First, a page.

- In advance of opening its first restaurant in Belgium, Burger King is running an online promotion that has drawn a rebuke from the country's real royal family, according to the BBC.
- The campaign website — whoistheking.be — asks visitors to choose whether they prefer the fast food brand's famous King mascot or Belgium’s actual King Philippe. People choosing King Philippe are asked two additional times if they are sure, with "no" being the only option for the second prompt. Voting is open until June 19.
- Even though King Philippe is represented by a cartoon on the website, the royal family claims it has to approve any use of his image, and a spokesman for the royal family said the use for commercial purposes is not approved of. Burger King claims it has not received any communication from the royal family, per the BBC.
Marketers know by now to err on the side of caution when wading into political waters, but Burger King likely thought showing a cartoon King Philippe would keep it in the clear and also keep the tone light and funny. Either through not understanding or just ignoring the process around co-opting the likeness of the royal family for advertising purposes, the brand has landed in hot water just as it tries to push into a new market.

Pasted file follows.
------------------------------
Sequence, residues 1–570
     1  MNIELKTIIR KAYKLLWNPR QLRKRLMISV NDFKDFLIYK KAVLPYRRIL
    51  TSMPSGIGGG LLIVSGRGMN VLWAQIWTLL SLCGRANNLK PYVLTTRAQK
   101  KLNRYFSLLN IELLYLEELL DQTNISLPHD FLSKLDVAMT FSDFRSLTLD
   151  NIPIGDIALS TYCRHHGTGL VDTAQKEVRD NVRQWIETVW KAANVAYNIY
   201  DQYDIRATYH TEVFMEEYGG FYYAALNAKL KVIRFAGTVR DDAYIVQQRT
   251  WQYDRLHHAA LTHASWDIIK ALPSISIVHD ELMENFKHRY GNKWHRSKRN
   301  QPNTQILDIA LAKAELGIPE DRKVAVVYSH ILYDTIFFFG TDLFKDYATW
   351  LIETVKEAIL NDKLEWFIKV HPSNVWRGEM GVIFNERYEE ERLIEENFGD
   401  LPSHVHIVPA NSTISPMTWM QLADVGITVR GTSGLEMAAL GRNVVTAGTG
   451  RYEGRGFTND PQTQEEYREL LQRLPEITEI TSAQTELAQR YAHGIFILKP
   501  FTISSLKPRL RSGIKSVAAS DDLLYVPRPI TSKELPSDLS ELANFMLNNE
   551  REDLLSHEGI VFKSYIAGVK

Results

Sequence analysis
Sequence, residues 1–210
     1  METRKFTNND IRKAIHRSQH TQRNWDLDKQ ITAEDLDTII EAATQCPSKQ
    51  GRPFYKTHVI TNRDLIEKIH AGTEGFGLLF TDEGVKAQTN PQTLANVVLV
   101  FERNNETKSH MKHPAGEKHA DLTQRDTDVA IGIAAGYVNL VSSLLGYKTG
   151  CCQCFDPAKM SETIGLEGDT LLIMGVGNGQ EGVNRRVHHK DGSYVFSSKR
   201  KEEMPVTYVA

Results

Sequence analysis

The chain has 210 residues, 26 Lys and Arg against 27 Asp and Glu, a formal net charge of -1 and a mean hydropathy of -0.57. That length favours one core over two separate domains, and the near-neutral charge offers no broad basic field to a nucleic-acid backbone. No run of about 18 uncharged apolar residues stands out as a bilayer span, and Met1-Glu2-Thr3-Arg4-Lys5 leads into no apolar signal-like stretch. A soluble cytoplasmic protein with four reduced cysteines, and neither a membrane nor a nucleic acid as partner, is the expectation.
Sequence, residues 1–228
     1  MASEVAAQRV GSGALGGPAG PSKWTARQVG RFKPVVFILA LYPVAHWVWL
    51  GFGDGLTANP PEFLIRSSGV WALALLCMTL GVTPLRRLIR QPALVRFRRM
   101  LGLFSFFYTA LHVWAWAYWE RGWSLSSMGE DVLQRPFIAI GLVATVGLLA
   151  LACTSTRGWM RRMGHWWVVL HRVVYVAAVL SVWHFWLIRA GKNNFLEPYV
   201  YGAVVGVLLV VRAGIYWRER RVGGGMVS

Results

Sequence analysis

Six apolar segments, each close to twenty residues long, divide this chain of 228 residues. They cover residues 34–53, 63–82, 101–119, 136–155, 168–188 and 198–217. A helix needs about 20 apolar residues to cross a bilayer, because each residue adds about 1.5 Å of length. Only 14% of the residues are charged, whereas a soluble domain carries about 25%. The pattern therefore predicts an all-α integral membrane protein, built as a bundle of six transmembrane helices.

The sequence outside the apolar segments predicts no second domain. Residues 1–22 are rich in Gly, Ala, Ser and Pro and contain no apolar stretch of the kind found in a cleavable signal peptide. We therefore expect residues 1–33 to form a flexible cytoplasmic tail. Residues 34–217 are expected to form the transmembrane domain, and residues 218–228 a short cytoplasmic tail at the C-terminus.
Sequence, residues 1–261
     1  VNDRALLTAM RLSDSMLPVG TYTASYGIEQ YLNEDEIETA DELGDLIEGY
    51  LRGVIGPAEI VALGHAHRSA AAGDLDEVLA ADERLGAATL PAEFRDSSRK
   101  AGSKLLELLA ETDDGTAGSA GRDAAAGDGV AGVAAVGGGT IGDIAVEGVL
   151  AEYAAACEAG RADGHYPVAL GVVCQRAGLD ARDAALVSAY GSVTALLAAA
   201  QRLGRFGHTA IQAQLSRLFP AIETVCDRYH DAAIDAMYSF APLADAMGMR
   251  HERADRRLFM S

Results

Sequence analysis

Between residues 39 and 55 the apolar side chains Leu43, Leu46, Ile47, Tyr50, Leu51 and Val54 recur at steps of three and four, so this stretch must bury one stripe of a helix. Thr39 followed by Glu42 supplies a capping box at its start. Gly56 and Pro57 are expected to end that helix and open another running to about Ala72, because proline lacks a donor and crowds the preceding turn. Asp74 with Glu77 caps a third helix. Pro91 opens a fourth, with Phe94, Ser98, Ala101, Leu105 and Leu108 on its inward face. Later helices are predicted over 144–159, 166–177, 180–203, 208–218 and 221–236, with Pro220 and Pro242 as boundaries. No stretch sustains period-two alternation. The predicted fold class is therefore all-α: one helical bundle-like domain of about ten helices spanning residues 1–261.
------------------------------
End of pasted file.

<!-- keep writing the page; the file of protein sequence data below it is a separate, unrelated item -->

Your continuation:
Stemming from that, the online promotion is already earning the fast food brand plenty of media chatter but also risks turning off potential customers if they feel their cultural sensibilities are not taken seriously. The effort isn't Burger King’s first run at seemingly intentional controversy this year.
In April, it rolled out a TV spot that triggered Google Assistant on Google Home and voice-activated Android phones without users' permission. The ad asked the digital assistant what a Whopper was, with the AI then reading from a Wikipedia entry that was quickly overrun by trolls to include inappropriate copy. While Google moved to shut down the ad's functionality almost immediately, Burger King released additional versions as workarounds.